Watson Institute for International and Public Affairs
Costs of War

Corporate Power, Profiteering, and the “Camo Economy”

Large defense contractors have played a central role in fighting the post-9/11 wars. They have provided workers who have engaged in direct combat and provided supplies, logistical services, and arms to coalition forces and the new Iraqi and Afghan governments. Private contracting has grown to such a level that, by 2011, there were more private contract employees involved in the wars in Iraq and Afghanistan than uniformed military personnel.  By 2019, the ratio of contractors to troops had grown to 1.5:1, or 50% more contractors than troops in the U.S. Central Command region that includes Iraq and Afghanistan.

Pentagon spending has totaled over $14 trillion since the start of the war in Afghanistan, with one-third to one-half of the total going to military contractors. More than half of the annual Department of Defense budget is now spent on military contractors, and payments to contractors have risen more than 164% since 2001, from about $140 billion in 2001 to about $370 billion in 2019. A large portion of these contracts have gone to just five major corporations: Lockheed Martin, Boeing, General Dynamics, Raytheon, and Northrop Grumman. Military contracting can be called the “Camo Economy” because it camouflages from public view the full costs of the wars both in human and economic terms — the number of contractors employed, injured, and killed is not transparent, nor is there detailed information on the dollars flowing from the Pentagon through prime contractors and many layers of sub-contractors.

While billions of dollars are spent on DoD-funded contracts in Iraq and Afghanistan, many of the individuals working for those contractors and their sub-contractors receive extremely low pay while working long hours in bad work environments with minimal labor and legal protections. More than half of the people working under U.S. contracts are either “Host Country Nationals” or “Third Country Nationals” – the latter is the term used for migrant laborers who often face the worst exploitation.

Critics have raised major economic and security concerns including the concentration of defense contracts among just a handful of large firms, exorbitant prices for goods and services, fraudulent contracts, and the “revolving door” between the large defense contractors and government, such as that between Halliburton and the Bush administration.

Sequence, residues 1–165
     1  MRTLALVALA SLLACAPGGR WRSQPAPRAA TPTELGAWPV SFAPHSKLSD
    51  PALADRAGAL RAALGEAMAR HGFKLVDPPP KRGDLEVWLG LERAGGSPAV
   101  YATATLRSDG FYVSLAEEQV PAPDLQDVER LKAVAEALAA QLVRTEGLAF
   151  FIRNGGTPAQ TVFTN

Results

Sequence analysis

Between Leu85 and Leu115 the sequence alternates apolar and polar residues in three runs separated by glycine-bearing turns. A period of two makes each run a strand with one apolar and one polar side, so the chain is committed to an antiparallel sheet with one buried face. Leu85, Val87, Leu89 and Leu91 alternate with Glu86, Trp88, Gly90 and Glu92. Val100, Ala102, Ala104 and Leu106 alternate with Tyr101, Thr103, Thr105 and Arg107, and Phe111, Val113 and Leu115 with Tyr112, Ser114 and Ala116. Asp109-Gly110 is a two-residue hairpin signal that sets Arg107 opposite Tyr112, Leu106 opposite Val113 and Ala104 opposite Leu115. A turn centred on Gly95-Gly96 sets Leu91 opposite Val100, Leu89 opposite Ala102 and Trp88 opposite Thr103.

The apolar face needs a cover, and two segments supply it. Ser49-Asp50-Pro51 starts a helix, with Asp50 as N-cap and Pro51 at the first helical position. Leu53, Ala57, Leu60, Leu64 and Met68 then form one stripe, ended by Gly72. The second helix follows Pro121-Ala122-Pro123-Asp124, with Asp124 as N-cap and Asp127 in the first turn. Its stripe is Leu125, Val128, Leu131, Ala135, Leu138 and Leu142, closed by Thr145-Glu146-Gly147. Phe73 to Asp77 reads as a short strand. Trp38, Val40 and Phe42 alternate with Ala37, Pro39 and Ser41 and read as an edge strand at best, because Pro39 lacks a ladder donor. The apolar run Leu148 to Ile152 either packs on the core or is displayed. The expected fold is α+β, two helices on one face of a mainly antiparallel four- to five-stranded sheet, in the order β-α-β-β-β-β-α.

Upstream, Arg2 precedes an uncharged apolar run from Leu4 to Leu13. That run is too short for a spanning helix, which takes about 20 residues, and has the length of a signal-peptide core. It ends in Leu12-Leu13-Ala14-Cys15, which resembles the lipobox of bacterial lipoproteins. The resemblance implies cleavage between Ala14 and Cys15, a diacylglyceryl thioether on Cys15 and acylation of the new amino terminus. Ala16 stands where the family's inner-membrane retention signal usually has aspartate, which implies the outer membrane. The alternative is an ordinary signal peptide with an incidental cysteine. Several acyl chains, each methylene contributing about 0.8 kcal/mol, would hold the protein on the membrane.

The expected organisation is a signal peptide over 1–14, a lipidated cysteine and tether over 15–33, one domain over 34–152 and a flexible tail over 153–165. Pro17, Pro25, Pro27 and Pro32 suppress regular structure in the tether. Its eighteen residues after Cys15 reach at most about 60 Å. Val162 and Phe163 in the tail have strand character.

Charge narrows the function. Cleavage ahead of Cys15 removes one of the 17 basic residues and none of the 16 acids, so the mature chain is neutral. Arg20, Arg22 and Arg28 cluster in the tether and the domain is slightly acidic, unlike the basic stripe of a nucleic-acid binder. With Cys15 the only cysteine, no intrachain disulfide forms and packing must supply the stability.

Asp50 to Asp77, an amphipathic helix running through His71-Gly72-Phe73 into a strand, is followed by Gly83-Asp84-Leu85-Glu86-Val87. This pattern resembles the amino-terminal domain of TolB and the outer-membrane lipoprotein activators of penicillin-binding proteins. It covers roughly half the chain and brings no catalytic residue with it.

The growth of private contracting has increased not only in the military, but also in the Central Intelligence Agency (CIA), National Security Agency (NSA), and the Department of Homeland Security (DHS), where private contract employees outnumber government employees in United States intelligence operations.

Weapons makers have spent $2.5 billion on lobbying over the past two decades, employing, on average, over 700 lobbyists per year over the past five years. That is more than one for every member of Congress.

Key Findings 

  • The post-9/11 wars have caused military contracts to increase to their highest levels since World War II.

  • Pentagon spending has totaled over $14 trillion since the start of the war in Afghanistan, with one-third to one-half of the total going to military contractors.
  • Defense contractors’ practices, including profiteering, fraud, waste, and corruption, have raised major concerns.


  • Congress should implement wartime contracting reforms.

  • Through its Defense Contract Audit agency, the Department of Defense should continue to assess whether contract costs are lawful and reasonable.

  • The Pentagon should fix its accounting procedures so that it can pass an audit. 

(Page updated as of September 2021)